Taking Up Our Responsibility for Racial Justice

with 2 Comments
Photo by Tim Pierce via Wikimedia Commons, CC BY 2.0


Although this offering is now concluded, you are invited to view the video of the plenary presentation, and explore course materials below. 

At this critical moment in our nation’s and community’s history, we are confronted again with fresh knowledge of longstanding racial injustice – in policing, the justice system, health care, housing, education, the Church, and many other sectors of our common life. Our faith community is grappling with important questions – what do I need to learn? How should I and our church respond?

This four-week study and discussion series in summer 2020 brought the Saint Mark’s community together to confront racism—its theology, history, and presence in our lives today—and ways to move forward toward justice. The in-depth series open to all recognized the responsibility for change falls on white people. We met on four Wednesday nights, with a required advance registration and commitment to attend all sessions and read/watch articles and videos in advance, and began with encouraging participants to read ahead of time Ijeoma Oluo’s book, So You Want to Talk About Race.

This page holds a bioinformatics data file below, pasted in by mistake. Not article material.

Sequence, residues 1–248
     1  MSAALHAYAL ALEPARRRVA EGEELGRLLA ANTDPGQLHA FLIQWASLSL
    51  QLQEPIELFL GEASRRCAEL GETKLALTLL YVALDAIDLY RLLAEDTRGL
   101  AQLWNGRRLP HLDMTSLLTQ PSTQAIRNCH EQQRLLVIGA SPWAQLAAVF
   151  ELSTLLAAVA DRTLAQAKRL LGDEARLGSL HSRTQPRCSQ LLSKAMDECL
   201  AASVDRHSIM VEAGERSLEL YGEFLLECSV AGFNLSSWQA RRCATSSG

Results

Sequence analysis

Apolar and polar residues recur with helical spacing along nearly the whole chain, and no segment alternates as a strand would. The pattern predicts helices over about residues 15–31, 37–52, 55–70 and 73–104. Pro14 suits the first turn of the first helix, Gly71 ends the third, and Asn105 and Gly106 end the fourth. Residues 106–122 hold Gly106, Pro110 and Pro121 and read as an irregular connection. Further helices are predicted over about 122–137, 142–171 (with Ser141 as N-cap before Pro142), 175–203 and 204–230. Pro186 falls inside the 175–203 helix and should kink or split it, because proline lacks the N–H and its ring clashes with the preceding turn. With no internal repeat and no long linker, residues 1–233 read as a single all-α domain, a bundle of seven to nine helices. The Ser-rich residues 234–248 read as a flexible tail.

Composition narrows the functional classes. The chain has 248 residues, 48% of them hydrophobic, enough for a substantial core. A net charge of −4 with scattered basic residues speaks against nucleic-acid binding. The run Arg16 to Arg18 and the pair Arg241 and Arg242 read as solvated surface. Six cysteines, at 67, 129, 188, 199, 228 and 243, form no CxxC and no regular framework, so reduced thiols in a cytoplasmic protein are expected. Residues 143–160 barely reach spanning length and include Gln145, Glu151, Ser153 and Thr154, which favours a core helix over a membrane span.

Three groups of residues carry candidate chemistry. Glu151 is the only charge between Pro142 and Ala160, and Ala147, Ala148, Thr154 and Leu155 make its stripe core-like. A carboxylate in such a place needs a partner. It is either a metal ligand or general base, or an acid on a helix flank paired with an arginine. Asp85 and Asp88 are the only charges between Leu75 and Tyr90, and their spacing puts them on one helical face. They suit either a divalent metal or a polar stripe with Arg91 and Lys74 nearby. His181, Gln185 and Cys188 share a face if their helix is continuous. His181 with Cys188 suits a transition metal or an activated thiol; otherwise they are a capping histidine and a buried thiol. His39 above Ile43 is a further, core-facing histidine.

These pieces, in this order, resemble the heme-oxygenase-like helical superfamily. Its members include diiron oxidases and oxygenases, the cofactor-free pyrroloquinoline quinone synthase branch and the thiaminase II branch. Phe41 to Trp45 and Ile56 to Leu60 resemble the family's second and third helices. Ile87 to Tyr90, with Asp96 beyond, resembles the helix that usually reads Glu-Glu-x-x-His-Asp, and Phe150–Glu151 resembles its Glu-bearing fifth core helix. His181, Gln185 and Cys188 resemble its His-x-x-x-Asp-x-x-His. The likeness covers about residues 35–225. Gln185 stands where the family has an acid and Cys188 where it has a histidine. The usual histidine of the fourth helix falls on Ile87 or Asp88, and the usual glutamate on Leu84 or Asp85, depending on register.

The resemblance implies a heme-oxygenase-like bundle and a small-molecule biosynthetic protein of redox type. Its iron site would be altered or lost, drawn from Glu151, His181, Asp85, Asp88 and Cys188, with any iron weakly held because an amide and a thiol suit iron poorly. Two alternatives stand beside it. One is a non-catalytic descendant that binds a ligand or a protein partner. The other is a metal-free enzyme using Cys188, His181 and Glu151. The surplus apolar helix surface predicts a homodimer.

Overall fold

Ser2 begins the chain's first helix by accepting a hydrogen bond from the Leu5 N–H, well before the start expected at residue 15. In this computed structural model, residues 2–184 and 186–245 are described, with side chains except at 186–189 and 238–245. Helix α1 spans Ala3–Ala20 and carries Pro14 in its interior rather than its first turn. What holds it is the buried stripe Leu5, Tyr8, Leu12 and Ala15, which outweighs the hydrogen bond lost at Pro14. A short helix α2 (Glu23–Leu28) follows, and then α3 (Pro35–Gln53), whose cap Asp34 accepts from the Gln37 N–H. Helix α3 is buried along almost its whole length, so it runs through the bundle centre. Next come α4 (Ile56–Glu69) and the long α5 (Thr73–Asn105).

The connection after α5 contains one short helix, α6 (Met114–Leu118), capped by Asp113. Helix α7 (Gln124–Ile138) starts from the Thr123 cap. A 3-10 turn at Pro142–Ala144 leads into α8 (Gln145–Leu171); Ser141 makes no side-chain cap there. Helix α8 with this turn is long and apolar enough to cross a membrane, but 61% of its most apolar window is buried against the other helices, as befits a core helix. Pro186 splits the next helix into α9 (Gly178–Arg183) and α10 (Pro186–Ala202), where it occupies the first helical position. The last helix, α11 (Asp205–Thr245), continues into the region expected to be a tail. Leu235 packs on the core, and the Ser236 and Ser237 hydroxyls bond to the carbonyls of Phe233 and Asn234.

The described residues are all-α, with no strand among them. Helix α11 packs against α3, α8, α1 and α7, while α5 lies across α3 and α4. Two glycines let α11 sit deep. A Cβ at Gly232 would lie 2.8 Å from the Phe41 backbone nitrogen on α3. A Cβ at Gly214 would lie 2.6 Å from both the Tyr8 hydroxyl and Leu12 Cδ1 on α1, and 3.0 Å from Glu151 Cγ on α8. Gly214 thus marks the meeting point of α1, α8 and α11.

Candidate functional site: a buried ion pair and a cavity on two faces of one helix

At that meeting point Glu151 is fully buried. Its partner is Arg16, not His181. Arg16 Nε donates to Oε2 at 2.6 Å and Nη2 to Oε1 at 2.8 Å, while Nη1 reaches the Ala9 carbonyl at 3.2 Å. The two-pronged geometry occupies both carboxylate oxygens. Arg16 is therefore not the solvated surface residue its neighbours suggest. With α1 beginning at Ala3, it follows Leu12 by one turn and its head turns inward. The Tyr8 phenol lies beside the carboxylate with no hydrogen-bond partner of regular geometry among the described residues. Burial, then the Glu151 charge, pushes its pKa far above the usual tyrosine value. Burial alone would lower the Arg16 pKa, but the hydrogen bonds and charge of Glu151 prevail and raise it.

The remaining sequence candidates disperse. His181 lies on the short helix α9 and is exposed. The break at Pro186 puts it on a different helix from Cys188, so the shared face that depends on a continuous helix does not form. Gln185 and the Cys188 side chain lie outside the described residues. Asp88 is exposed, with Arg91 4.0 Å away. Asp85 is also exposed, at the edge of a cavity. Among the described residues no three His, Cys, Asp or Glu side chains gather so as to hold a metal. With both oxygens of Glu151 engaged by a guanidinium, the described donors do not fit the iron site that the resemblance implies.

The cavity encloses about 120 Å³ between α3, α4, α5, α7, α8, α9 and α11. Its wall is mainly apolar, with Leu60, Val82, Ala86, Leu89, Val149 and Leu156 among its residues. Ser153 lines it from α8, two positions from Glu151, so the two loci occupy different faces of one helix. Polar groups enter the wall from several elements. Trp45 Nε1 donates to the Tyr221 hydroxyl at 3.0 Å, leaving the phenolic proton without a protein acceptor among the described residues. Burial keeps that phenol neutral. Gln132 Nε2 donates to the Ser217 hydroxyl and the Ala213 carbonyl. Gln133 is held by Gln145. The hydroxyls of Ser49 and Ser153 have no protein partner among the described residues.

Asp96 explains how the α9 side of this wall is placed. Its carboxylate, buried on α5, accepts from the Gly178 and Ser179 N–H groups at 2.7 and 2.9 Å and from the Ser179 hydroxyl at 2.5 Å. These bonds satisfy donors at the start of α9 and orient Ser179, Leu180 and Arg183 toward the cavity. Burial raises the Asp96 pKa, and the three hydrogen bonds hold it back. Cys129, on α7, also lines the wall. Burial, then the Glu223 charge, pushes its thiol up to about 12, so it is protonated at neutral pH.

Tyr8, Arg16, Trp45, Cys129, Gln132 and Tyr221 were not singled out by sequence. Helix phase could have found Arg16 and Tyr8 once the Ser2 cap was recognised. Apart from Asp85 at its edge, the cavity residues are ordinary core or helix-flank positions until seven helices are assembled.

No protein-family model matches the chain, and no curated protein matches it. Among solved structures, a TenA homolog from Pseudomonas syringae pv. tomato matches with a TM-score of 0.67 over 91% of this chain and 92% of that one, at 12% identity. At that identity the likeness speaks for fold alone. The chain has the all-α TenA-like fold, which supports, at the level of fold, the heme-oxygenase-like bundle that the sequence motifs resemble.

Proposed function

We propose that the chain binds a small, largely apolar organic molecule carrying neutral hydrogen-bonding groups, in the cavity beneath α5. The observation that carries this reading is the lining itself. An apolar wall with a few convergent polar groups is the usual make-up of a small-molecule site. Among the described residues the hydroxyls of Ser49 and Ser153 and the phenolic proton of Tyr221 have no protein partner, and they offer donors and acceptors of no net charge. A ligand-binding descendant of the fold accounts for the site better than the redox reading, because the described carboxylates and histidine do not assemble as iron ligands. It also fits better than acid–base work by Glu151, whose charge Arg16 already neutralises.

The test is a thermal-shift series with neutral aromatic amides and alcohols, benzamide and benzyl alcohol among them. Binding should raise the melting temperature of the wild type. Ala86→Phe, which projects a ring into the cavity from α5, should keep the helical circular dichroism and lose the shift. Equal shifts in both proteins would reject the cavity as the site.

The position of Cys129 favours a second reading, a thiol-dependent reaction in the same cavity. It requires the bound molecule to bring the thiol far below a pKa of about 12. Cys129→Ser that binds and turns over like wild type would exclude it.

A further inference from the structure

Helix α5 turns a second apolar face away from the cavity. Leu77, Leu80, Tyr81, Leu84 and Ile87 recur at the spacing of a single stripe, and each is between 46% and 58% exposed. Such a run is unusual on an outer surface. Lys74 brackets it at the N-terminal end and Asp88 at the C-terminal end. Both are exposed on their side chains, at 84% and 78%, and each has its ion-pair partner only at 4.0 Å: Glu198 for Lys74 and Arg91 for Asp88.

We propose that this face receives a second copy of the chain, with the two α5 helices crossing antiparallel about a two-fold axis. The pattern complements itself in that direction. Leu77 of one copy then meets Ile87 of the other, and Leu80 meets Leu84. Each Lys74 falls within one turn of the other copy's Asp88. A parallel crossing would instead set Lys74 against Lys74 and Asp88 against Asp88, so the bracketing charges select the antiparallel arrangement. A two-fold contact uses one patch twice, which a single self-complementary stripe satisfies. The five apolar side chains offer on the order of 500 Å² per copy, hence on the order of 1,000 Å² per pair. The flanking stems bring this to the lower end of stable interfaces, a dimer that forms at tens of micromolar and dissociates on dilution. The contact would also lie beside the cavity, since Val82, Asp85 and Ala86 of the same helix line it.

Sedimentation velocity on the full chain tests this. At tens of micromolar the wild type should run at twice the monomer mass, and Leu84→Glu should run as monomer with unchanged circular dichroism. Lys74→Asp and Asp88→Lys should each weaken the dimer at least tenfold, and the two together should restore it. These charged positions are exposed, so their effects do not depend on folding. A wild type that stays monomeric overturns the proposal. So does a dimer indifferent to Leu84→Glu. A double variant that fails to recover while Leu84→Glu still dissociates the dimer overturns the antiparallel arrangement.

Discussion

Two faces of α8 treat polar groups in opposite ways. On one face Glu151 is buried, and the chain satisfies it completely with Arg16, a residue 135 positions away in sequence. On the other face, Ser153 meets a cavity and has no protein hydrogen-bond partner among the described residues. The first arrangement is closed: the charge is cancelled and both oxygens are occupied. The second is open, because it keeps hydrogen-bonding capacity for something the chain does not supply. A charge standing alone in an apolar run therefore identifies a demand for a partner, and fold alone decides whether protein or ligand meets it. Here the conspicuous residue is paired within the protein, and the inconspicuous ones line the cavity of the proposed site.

Saint Mark’s has ongoing programming each season to continue the work to take up our responsibility for racial justice, and encourages each of us to continue doing our own inner work, and learning, and action. As programs at the cathedral are scheduled, details will be available on the Racial Justice resources page, here.

The syllabus for the four-session series, including required reading and viewing, may be downloaded here.

Additional resources contributed by participants in the series may be downloaded here.

PDFs of the power point slides of the opening plenary may be downloaded here..

2 Responses

  1. Curry
    | Reply

    Thank you so much for doing this series. I am really looking forward to learning and understanding what I can do to help make positive change in the fight against racial injustice. Curry

  2. Pat Taylor
    | Reply

    Henry Louis Gates wrote this:
    “Racism has been part of America’s cultural DNA since before the ink dried on the Constitution. Dominant in some and recessive in others it has mutated over time yet remains part of the inheritance weighing us down one generation to the next. The damage it has done is systemic and goes all the way down to the cellular level.”

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